AL HAYMON’S first Premier Boxing Champions show is in the history books – but what does it mean for the sport? Sitting ringside at the MGM Grand Garden Arena in Las Vegas last weekend, I felt that Haymon’s venture got off to a solid start, but not an exceptional one.
All the bells and whistles (extra spotlights, solitary ring entrances etc) were a bit different, although they would seem routine to a boxing crowd in Germany. And while the Keith Thurman–Robert Guerrero headliner was exciting, the preceding Adrien Broner–John Molina Jnr bout was a bore.
This was the first of 20 shows set to happen in 2015 as part of a “time buy” deal engineered by Haymon. That is, an organisation purchases airtime on a television network; this goes against the current format where a TV station pays a boxing promoter money for a show’s rights. Haymon has deals in place with several TV networks: the free-to-air NBC, who broadcast last weekend’s show, plus niche channel Spike TV, as well as cable network Showtime. The NBC and Spike deals are time buy, while Showtime is a continuation of the traditional paying model. There are also rumours that Haymon may soon have a time buy deal with ESPN.
So if anybody is going to revolutionise professional boxing, it’s going to be Al Haymon. He’s a very smart man, and his time buy venture is backed by serious money. That’s going to be needed over the next couple of years as it’s hard to see how his project can hope to turn a profit in the early going; the big money being spent on TV time can be made back only by advertisers taking out commercials during his shows.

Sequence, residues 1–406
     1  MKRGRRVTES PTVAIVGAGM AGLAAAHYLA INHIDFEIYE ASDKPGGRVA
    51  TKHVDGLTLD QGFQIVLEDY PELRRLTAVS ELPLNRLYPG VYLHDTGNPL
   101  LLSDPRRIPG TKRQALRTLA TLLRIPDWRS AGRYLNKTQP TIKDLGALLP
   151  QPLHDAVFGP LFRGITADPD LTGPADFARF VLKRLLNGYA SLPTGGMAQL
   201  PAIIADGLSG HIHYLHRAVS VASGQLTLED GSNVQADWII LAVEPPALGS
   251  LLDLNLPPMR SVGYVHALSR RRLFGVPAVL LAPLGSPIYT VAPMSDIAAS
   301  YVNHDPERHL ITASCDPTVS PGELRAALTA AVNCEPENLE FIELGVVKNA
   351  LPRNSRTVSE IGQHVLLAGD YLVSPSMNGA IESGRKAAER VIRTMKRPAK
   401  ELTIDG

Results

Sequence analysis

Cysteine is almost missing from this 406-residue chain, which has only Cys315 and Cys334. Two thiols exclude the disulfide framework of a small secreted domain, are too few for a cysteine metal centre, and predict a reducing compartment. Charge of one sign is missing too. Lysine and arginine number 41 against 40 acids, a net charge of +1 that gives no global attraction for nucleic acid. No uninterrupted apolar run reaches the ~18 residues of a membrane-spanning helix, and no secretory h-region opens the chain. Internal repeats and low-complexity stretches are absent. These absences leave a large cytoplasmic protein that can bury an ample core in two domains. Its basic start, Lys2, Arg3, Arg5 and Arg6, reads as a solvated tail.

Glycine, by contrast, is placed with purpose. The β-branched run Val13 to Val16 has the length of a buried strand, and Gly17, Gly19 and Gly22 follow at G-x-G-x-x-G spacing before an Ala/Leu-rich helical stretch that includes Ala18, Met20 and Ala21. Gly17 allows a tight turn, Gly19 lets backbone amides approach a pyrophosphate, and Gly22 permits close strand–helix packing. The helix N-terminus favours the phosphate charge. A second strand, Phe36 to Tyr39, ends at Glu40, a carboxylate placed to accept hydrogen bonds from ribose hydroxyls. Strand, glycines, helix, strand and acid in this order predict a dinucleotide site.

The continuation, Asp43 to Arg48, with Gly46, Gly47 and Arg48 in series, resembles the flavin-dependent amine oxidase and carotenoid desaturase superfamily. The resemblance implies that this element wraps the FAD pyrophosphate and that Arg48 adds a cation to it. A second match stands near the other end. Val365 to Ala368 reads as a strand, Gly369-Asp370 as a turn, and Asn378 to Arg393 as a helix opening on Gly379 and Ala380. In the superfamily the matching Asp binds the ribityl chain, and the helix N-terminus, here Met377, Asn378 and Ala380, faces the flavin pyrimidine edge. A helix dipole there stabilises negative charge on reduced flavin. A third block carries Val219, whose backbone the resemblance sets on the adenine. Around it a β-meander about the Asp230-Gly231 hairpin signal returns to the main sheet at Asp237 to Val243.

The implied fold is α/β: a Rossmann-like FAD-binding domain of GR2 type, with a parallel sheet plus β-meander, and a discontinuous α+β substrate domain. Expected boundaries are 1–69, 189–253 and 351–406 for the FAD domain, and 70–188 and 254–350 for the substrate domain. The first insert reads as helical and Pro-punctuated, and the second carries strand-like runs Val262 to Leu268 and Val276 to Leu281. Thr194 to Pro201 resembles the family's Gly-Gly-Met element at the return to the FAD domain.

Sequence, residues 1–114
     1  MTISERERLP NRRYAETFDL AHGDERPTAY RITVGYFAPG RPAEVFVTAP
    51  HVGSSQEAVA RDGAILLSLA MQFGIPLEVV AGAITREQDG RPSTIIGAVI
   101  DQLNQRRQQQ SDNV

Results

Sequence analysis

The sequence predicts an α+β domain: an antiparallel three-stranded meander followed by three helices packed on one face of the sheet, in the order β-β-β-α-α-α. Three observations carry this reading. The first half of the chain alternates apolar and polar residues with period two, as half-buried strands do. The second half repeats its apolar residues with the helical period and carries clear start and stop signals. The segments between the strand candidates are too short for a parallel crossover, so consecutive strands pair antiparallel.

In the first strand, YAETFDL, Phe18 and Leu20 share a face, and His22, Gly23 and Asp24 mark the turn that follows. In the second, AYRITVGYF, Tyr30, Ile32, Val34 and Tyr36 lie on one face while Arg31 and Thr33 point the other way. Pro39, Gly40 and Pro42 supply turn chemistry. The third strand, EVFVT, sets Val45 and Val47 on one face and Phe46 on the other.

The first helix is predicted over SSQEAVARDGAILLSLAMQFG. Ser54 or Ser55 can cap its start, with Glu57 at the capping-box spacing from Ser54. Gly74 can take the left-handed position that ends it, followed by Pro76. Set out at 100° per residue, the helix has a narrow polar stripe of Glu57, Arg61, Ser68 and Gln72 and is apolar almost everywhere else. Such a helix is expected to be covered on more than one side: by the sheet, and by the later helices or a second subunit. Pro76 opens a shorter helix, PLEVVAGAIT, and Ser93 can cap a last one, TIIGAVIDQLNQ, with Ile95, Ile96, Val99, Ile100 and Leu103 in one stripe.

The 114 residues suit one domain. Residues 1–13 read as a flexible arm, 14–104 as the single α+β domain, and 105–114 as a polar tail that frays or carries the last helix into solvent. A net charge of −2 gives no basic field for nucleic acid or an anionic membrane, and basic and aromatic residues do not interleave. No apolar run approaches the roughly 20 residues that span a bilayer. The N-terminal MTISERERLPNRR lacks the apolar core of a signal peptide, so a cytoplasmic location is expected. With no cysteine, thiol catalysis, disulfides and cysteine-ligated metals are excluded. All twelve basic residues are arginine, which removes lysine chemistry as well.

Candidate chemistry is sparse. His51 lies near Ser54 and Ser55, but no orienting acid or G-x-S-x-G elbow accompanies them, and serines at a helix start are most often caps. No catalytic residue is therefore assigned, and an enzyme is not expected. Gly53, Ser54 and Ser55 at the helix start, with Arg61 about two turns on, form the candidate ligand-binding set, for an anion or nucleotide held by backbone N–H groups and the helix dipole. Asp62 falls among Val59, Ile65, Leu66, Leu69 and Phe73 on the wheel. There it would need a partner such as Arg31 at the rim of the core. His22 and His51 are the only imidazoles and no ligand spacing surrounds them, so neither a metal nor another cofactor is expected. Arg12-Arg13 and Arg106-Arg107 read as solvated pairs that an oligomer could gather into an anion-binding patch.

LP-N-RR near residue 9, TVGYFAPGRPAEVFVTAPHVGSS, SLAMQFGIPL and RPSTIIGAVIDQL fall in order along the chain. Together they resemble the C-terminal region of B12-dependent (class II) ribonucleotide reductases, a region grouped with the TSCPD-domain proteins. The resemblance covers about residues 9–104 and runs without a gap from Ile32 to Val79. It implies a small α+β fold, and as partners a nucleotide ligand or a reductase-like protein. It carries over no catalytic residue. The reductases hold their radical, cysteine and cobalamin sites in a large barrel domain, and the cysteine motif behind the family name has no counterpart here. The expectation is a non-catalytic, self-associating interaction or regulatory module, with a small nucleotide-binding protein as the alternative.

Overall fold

Presumably, the long-term plan is that the high visibility of Haymon’s stable on US television will attract star names. He already acts as an adviser to about 150 boxers, many of them top class performers. (He is not a promoter, at least not officially; he uses lesser promoters such as Goossen Tutor, Lou DiBella and Warriors Boxing to stage the cards covered by his TV deals).
Haymon can match boxers he advises, placing them on the TV stations he considers appropriate to their status. On Friday (March 13) he is behind a Spike show in Ontario, California that features more Haymon welters as Andre Berto meets Josesito Lopez and Shawn Porter fights Roberto Garcia.
Perhaps, down the line, Berto could meet Lopez with the winner to fight Guerrero, while Thurman is now big enough to be worthy of fighting Floyd Mayweather (also a Haymon client). Haymon boxers could move up and down through the levels – and could they all eventually be chasing a “PBC” belt? After all, in Vegas last weekend there was almost no mention of Thurman-Guerrero being for the former’s WBA strap. If Haymon can rid the sport of the sanctioning bodies, he’ll deserve every fan’s thanks.